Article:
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GM-Chrysler Bankruptcy Will Have Chilling Effect on Product Recalls


The General Motors-Chrysler bankruptcy has caused much anxiety among consumers because it seeks to throw out auto product liability and personal injury lawsuits against them. Now, a new report predicts that a loophole created by the bankruptcies of General Motors and Chrysler will make it possible for the companies to avoid issuing product recalls of defective cars that were manufactured prior to the bankruptcy filings.

According to a news article on Consumer Reports, this new report released by Safety Research and Strategies ( looks into the implications of a provision in the GM and Chrysler bankruptcies that allows the automakers to avoid liability for the vehicles made before the bankruptcy. The report projects that based on information provided by both GM and Chrysler and the National Highway Traffic Safety Administration (NHTSA), more than 3,400 Americans will be injured or killed by a defective Chrysler of GM vehicle during the first year after the bankruptcy.

Both GM and Chrysler sought protection in their bankruptcy proceedings from pending and future liability claims against their auto products manufactured before their Chapter 11 bankruptcy filings. Because of the fact that the NHTSA uses death and injury data to look for auto product defect trends, the absence of such claims might very well decrease or have a curbing effect on the number of product recalls conducted by automakers during the post-bankruptcy era.

I absolutely agree with Sean Kane, the president of Safety Research and Strategies. If these product liability claims are not filed we do lose an important “defect surveillance tool.” That means we give these auto makers a “get out free” card where they don’t have to be held accountable or bear liability for deaths and serious personal injuries caused by their product defects. Basically, there is no incentive for GM or Chrysler to recall their defective vehicles.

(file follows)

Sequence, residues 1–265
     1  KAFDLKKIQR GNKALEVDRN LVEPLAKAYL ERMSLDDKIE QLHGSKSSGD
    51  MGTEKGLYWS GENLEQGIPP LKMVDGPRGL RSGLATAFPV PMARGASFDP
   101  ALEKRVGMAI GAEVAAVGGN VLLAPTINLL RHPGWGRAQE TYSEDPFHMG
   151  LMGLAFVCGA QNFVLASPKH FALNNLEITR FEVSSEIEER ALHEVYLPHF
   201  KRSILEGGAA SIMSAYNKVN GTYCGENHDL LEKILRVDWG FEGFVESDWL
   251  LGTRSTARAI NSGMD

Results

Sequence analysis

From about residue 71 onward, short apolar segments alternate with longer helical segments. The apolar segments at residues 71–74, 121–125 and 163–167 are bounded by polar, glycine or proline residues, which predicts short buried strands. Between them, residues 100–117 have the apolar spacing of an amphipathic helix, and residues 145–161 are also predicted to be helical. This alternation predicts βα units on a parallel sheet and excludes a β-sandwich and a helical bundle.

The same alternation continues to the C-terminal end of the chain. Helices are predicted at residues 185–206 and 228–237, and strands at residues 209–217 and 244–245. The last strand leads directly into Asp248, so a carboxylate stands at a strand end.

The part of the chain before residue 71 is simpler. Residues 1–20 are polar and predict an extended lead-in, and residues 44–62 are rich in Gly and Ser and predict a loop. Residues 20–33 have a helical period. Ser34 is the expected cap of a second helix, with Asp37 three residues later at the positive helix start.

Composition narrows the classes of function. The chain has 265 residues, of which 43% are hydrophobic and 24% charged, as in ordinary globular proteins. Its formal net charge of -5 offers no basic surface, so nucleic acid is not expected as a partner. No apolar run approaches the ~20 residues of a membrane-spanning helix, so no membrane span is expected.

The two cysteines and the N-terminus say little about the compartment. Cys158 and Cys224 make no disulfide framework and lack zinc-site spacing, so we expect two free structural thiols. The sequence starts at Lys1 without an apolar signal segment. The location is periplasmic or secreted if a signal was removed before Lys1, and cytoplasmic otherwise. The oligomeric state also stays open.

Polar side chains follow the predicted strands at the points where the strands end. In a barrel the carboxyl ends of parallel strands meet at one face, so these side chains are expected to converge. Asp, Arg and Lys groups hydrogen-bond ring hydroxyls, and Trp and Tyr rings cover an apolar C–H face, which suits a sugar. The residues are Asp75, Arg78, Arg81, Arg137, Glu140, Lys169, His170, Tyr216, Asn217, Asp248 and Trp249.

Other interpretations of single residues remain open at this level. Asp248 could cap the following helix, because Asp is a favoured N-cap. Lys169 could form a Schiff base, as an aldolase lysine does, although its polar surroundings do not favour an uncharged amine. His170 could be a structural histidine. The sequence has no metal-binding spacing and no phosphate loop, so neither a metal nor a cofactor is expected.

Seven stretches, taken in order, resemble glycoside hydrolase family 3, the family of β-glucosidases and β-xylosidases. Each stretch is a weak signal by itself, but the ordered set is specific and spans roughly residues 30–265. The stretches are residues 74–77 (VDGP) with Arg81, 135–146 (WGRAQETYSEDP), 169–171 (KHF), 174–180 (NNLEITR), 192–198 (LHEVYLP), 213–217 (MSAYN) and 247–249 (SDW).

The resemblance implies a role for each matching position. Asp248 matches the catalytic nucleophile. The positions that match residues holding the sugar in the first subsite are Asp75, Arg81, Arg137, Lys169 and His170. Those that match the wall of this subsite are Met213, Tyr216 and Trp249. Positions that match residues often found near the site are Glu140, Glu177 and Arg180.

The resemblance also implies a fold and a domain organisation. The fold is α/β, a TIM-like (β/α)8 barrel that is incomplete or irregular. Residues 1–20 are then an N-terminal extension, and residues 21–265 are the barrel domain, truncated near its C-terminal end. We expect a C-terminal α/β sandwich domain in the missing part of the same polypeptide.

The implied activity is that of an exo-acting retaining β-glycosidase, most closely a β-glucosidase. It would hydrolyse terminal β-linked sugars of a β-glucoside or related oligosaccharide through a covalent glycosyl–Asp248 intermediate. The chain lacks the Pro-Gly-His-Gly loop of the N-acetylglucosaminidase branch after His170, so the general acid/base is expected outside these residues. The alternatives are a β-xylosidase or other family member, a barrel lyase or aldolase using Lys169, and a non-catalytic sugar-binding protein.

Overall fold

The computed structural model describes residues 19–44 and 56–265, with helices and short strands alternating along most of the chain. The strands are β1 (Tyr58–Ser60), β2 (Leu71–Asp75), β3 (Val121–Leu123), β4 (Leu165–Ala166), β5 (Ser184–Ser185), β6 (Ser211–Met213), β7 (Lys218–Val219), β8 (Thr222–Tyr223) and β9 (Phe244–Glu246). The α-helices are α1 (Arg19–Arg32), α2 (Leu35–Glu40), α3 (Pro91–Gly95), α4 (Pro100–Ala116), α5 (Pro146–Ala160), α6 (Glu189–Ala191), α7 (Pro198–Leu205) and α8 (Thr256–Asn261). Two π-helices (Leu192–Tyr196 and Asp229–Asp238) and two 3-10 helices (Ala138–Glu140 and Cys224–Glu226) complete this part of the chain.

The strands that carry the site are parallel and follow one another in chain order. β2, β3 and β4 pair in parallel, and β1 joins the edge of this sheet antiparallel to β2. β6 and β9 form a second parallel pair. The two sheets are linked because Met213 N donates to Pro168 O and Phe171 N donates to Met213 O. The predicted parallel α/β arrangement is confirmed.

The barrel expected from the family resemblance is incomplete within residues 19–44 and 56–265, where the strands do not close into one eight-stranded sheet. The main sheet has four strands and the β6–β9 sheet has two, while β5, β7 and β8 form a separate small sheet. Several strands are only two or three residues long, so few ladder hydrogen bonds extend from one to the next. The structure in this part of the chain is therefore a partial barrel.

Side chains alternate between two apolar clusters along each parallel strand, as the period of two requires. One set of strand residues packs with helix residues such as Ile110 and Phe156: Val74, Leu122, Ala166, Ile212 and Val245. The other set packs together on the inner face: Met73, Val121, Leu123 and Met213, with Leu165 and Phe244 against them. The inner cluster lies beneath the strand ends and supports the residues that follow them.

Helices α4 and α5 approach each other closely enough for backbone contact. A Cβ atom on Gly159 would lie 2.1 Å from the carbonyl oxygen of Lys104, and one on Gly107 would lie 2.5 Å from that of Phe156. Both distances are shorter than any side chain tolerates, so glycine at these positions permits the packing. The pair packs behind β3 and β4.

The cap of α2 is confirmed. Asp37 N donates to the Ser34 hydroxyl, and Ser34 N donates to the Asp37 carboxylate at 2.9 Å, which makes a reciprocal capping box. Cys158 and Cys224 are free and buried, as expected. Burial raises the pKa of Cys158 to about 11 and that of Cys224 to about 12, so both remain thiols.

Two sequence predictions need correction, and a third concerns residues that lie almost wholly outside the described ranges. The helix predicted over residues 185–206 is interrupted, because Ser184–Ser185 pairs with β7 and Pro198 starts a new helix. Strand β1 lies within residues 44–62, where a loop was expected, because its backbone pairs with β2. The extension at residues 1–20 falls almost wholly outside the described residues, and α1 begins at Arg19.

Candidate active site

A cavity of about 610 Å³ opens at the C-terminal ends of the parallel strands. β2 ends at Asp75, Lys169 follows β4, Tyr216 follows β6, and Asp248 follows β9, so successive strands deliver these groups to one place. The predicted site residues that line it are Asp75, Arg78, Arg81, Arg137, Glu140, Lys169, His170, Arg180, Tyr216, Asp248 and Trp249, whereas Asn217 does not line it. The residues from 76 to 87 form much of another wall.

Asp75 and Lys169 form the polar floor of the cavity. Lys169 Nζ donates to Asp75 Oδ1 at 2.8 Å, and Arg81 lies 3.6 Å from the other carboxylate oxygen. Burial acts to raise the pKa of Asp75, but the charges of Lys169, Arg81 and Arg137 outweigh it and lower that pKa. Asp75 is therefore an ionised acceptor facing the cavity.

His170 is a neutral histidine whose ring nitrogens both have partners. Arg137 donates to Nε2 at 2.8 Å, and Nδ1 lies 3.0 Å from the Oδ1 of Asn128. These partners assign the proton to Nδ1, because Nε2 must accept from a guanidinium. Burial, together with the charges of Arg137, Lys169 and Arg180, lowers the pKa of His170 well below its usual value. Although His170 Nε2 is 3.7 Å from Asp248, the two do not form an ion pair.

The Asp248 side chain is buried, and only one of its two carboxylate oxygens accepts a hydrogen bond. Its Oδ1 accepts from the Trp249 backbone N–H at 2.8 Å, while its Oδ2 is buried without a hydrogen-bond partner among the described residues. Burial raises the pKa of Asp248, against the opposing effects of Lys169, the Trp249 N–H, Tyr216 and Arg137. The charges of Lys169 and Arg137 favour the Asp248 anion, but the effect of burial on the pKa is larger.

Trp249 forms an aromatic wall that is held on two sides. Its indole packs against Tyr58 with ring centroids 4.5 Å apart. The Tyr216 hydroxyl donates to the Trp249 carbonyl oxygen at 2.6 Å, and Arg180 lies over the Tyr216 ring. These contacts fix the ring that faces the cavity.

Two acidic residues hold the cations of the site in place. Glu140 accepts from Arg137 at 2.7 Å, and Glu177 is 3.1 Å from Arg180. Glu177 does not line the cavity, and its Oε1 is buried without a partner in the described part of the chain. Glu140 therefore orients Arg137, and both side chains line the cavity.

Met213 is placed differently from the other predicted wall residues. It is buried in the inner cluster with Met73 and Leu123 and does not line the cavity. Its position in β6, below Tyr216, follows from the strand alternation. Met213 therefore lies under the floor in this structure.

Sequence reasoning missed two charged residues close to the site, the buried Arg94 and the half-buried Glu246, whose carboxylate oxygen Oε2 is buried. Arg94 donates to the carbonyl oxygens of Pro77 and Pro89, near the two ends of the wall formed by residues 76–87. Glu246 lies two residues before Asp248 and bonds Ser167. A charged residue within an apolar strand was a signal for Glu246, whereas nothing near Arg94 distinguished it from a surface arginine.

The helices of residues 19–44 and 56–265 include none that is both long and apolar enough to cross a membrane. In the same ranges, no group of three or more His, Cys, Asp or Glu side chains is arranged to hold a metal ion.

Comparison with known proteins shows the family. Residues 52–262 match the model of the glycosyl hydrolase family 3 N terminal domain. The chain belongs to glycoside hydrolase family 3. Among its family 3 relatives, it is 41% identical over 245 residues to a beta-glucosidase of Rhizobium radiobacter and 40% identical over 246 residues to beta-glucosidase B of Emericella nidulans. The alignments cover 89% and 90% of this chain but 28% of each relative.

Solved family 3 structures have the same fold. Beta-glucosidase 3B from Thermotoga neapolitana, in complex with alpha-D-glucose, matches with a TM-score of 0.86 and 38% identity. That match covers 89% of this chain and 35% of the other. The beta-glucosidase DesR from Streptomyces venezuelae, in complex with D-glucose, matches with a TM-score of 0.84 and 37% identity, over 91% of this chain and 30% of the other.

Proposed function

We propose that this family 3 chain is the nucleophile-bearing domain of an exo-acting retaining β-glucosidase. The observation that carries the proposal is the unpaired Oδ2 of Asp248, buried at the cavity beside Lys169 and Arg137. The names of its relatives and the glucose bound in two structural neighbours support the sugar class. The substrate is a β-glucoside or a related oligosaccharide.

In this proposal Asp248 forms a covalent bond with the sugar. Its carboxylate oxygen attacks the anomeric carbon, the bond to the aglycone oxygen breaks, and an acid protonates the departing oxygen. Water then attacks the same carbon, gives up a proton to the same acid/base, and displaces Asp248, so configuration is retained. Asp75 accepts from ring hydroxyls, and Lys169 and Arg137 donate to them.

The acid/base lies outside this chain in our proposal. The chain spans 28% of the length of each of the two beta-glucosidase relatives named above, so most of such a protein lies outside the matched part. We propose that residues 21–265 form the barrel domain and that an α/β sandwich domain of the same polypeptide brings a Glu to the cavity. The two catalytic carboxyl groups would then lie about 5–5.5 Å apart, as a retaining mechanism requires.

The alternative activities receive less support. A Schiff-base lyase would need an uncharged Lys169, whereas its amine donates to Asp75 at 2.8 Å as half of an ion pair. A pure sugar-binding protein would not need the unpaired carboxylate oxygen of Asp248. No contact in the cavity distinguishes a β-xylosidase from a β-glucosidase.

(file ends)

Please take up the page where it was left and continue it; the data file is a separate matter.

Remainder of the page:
A close look at the statistics of death and injury claims fielded by these two large U.S. automakers reveals some shocking details. Between the third quarter of 2003 and the fourth quarter of 2008, Chrysler was looking at 3,497 death and injury claims. GM fielded a whopping 15,284 death and injury claims during that same period. These claims collectively represent an annual average of 636 and 2,779 casualties respectively! GM and Chrysler account for more than 40 million fleet vehicles in the United States and the two companies also accounted for nearly half of all claims filed against auto manufacturers during the above-mentioned time period.

Despite these staggering numbers, GM and Chrysler represent only 38 percent of the market share. Between 2004 and 2008, Chrysler issued 109 product recalls affecting 11.4 million vehicles while GM issued 129 recalls that affected 19 million vehicles. Texas, California, Florida, Ohio and New York lead the nation in a state-by-state breakdown of Chrysler and GM death and injury claims.

There is no question that public safety is at jeopardy here. Based on Chrysler and GM’s history of death and injury data and claims, there is no reason to believe that the vehicles they have produced will be defect free. Deaths and injuries as a result of malfunctioning autos made by these two companies will still continue. What protections and safeguards are in place for consumers? So far, not much and that to me is deeply disturbing.

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